Moonless Darkness Stands Between

Kestrel.jpg
A Kestrel or Windhover

Moonless Darkness Stands Between

by Gerard Manley Hopkins (1844 – 1889)

Moonless darkness stands between.
Past, the Past, no more be seen!
But the Bethlehem-star may lead me
To the sight of Him Who freed me
From the self that I have been.
Make me pure, Lord: Thou art holy;
Make me meek, Lord: Thou wert lowly;
Now beginning, and alway:
Now begin, on Christmas day.


Today is the shortest day of the year – the winter solstice. Religious holidays Hanukkah and Christmas are purported to be based on documented historical events and just coincidence that they fall so close to the pagan celebration of the return of the light. Funny then that’s it is just another coincidence that light plays such an important part of these Jewish and Christian celebrations. Regardless of our beliefs – we all need a candle this time of year and a little faith that spring is coming.

I have spent this fall editing a chap book of poetry, mostly sonnets, written over the past 4.5 years.  It is largely finished and now I have to make several decisions about what to do with it.  Those decisions are more complicated because of the personal nature of the poetry – centering prayers for a non-believer in the form of sonnets which I have titled, The Canticle of Divine Doubt. I have shared several of the poems contained in the chapbook on earlier posts;  Simple Praise and In The Hand of Heaven. 

In Latin, Nomen es omen means roughly a name is one’s destiny.  In Aramaic Thomas means twin, so it’s possible my doubt comes to me from a name sake, doubting Thomas, a relatively minor character in the new testament and I have always felt a metaphor for the doubt of the apostles and less a real person.  A play on words of this Latin phrase is Ars omnia vincent – art conquers all.  The canticle is my attempt to put to words what cannot be explained and in that incompleteness that poetry allows, find invitations and a commitment to kindness and justice as life’s guiding principles.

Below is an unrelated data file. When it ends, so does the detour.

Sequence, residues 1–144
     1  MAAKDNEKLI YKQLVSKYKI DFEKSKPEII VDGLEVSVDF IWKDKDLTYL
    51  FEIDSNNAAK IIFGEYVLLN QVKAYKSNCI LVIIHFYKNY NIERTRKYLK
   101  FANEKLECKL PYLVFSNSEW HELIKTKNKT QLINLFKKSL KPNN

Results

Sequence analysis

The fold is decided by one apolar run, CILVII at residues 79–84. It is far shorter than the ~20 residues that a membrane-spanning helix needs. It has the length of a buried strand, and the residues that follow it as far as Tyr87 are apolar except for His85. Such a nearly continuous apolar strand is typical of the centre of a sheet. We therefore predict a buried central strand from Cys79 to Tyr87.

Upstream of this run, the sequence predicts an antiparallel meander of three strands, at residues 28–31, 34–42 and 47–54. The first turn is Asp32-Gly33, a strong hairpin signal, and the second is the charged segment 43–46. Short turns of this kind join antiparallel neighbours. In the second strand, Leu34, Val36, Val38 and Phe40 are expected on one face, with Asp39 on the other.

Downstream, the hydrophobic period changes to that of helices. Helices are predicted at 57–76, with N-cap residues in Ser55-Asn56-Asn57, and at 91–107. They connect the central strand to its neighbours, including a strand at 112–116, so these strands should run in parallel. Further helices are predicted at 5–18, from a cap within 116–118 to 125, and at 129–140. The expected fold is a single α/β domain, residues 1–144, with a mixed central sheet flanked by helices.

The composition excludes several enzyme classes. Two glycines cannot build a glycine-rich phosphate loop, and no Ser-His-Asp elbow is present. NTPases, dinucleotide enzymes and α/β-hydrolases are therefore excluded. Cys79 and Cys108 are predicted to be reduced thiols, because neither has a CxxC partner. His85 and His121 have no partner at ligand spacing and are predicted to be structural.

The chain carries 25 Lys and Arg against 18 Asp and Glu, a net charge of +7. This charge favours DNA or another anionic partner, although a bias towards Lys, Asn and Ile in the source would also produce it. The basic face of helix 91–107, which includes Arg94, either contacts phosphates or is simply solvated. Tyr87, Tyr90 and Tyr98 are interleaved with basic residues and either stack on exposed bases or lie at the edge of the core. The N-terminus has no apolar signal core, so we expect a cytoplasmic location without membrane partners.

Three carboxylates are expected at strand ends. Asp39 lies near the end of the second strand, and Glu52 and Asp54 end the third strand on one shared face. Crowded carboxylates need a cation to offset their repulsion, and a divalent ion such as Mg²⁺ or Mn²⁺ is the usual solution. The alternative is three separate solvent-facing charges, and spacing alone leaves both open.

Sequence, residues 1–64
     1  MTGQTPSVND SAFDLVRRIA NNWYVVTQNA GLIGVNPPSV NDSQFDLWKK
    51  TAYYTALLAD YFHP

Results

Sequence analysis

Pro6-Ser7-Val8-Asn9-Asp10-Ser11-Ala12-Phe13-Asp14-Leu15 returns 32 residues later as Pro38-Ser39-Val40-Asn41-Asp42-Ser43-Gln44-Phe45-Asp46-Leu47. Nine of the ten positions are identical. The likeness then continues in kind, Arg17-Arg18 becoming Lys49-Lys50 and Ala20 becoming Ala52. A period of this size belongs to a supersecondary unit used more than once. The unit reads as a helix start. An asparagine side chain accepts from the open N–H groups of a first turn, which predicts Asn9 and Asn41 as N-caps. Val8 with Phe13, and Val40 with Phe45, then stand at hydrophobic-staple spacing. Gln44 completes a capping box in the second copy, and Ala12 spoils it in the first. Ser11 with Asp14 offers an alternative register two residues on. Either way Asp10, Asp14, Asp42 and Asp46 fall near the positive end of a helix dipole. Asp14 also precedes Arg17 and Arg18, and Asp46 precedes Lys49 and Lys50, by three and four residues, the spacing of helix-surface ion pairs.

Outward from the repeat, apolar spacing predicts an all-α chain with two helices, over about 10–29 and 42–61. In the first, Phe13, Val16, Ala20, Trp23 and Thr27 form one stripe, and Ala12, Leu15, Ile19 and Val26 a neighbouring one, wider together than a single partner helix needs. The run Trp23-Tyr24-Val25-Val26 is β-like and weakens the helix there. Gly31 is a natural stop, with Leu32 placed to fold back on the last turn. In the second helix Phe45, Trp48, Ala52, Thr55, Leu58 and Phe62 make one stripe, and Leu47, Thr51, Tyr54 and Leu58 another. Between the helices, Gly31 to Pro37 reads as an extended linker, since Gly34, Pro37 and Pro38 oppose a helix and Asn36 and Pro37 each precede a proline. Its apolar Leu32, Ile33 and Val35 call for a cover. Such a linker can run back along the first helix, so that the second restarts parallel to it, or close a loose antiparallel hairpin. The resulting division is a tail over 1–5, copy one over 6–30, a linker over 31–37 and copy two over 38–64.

The phrase art conquers all suggests that the highest art is the art of living beautifully – or feng shui.  The art of living beautifully an expression of our gratitude for our good lives.  The art of being in the moment a directive to use our talents towards kindness and love. Many artists have felt their genius, their personal illuminations and inspiration are directed by a hidden hand, which some call their muse and others call spiritual enlightenment from their God.   Today, on the darkest of days, may art penetrate the darkness and be a candle for our souls.


The Windhover

by Gerard Manley Hopkins
To Christ our Lord

I caught this morning morning’s minion, king-
dom of daylight’s dauphin, dapple-dawn-drawn Falcon, in his riding
Of the rolling level underneath him steady air, and striding
High there, how he rung upon the rein of a wimpling wing
In his ecstasy! then off, off forth on swing,
As a skate’s heel sweeps smooth on a bow-bend: the hurl and gliding
Rebuffed the big wind. My heart in hiding
Stirred for a bird, – the achieve of, the mastery of the thing!

Brute beauty and valour and act, oh, air, pride, plume, here
Buckle! AND the fire that breaks from thee then, a billion
Times told lovelier, more dangerous, O my chevalier!

No wonder of it: shéer plód makes plough down sillion
Shine, and blue-bleak embers, ah my dear,
Fall, gall themselves, and gash gold-vermilion.